Many employers think that employee reward is basically not firing them. But in times of lower job security, employees look at other rewards and benefits now

I once worked somewhere that thought rewarding their employees was by paying them. A bonus was allowing them to dress down on a Friday. Can you imagine what the staff turnover rate was? At the last calculation, I think it was about 85% annually.

Many employers think that employee reward is basically not firing them. It’s like the 1980’s called and they want their employment rights back. Unfortunately, times have changed and society has moved on. Most (not all) employers realise now that old-fashioned bullying tactics don’t cut it with a workforce that appreciates rewards in the form of recognition of their efforts.


When my previous employer used to treat dressing down as a treat, I always found it a bizarre reward. We worked in an office that was pretty much closed off to the outside world. Occasionally an outside visitor would come in for a meeting with someone very senior. I doubt very much that they cared about what the staff in the call centre worn. Or whether the men wore a tie or not. In such circumstances, does it really matter what your staff wear so long as they are decent? I can understand that swimwear or pyjamas might be an issue. But do jeans and trainers really affect someones ability to sit at a desk and answer a phone? I’ll save you the bother of answering that one. The answer is no.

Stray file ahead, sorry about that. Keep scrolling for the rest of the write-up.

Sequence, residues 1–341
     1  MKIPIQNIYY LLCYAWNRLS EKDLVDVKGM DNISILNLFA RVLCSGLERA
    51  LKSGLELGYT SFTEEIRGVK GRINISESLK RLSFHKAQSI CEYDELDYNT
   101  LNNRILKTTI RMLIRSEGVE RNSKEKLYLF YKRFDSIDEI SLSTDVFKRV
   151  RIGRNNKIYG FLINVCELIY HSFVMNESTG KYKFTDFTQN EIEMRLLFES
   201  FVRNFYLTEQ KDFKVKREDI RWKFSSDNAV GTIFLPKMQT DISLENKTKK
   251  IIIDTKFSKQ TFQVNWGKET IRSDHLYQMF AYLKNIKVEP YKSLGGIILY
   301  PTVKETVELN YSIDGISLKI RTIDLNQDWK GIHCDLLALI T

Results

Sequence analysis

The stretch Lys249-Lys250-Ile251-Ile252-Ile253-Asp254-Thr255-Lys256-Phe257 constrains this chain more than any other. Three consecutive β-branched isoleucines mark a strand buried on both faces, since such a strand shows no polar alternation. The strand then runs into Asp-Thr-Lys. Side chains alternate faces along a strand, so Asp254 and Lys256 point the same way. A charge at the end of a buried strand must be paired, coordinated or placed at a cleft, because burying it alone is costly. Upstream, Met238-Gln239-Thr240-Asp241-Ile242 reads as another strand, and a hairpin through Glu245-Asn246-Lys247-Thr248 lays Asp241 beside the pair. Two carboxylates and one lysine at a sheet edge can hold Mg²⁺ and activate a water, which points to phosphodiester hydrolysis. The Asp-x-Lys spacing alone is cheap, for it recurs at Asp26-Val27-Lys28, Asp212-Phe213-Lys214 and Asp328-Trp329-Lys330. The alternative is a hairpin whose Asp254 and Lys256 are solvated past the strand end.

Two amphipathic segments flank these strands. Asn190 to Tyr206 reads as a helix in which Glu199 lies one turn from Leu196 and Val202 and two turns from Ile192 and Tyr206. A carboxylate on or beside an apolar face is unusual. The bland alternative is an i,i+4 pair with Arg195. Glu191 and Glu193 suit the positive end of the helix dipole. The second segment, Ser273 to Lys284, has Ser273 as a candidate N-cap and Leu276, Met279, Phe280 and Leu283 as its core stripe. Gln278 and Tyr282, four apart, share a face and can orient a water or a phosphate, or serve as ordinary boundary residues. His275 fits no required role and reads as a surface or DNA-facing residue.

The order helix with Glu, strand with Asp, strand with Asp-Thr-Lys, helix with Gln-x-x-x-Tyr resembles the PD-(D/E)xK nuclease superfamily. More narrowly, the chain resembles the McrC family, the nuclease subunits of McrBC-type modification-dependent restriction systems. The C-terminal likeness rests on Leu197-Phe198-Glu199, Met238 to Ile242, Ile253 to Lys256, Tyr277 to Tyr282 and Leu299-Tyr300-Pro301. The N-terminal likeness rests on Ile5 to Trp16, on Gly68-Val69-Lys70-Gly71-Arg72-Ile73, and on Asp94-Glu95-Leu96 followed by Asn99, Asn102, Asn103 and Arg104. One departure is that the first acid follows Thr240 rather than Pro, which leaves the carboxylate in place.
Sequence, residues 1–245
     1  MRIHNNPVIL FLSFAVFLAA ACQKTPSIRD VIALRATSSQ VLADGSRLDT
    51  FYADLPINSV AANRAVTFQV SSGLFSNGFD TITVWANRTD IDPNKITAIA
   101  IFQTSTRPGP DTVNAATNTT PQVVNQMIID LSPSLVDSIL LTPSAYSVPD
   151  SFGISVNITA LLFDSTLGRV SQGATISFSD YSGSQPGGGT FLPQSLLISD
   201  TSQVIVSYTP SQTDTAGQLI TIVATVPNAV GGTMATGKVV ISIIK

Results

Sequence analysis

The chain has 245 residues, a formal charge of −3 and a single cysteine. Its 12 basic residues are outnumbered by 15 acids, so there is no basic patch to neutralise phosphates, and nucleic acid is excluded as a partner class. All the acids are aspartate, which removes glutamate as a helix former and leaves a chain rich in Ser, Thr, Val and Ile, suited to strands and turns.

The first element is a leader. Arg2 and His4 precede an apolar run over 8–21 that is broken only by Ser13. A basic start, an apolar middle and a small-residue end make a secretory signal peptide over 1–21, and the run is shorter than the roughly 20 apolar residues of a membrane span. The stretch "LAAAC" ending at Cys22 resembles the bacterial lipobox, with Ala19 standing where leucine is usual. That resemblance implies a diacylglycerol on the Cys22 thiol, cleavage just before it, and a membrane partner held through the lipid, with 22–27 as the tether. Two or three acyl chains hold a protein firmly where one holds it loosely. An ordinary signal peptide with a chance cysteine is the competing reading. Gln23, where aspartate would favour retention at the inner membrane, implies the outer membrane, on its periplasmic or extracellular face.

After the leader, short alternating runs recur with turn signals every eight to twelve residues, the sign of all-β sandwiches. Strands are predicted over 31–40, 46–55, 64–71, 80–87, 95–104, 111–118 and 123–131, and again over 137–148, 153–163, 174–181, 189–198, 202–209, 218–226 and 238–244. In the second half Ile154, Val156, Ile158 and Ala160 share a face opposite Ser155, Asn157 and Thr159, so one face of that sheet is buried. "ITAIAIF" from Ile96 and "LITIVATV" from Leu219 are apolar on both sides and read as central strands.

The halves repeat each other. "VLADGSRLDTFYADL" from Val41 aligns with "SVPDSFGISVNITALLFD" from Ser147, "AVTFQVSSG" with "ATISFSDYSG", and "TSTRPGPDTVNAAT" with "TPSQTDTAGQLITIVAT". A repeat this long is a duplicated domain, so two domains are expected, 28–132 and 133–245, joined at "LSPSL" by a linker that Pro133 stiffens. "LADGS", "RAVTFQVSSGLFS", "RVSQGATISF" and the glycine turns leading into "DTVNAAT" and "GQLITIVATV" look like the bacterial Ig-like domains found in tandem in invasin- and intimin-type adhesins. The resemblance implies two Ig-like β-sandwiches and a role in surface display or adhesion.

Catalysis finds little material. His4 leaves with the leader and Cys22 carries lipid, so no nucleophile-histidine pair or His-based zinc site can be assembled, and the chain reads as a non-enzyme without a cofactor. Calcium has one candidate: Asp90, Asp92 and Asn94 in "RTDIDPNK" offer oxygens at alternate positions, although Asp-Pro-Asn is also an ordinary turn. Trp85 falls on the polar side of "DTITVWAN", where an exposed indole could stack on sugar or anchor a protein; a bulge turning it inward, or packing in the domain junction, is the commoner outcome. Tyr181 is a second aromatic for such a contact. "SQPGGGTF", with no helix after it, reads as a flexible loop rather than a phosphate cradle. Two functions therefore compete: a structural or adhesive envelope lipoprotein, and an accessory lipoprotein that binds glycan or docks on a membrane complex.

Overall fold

Staff are actually more likely to be more productive and at ease, if they are comfortable. That includes comfortable with what they are wearing. Now obviously if staff are frontline facing or there is a requirement to wear a uniform then there’s an exception.

There used to be an expectation on a quite formal dress for management and women were expected to wear a suit or dress. I still don’t understand how wearing a dress made me more able to manage my staff or indeed do my job. Now, working for myself, you’d be lucky at the moment if you can get me to wear anything other than shorts and t-shirts. Most of the time I have a work uniform of jeans and a hoodie.


When I’ve spoken to many businesses in the past, the more old school ones don’t understand the need or the reasoning of rewarding staff. They take the approach that they pay them and provide them with jobs and surely that is enough. In this day and age, it simply isn’t.

Many jobs aren’t as secure these days as they were 20 or 30 years ago. It’s nearly a daily occurrence now that we hear of a huge business going into administration or closing the doors completely. Once over those businesses would have employed staff on the basis that they are a large, secure business that has been around for years. Remember Woolworths?

When it comes to recruiting, many employees don’t see salary as their number one deciding factor. Employee benefits and potential rewards can be seen as a more attractive option than just getting paid every month.

But rewarding employees isn’t just about topping up the salary. Employees place importance on their value and feeling valued in their role. I have worked for so many people in the past that loved to tell their employees how replaceable they were. Do you think that helps with making staff feel valued? I certainly didn’t. Do you think that makes them want to give their absolute best efforts every day? Does it hell as like. Did it stop them looking for new jobs? Nope.

Employee reward is a two-way street. If you want your staff to be loyal and work their hardest every day, it’s not enough to tell them they have job security for working hard, or that a trained chimp could do their job. Employee reward needs to be tangible.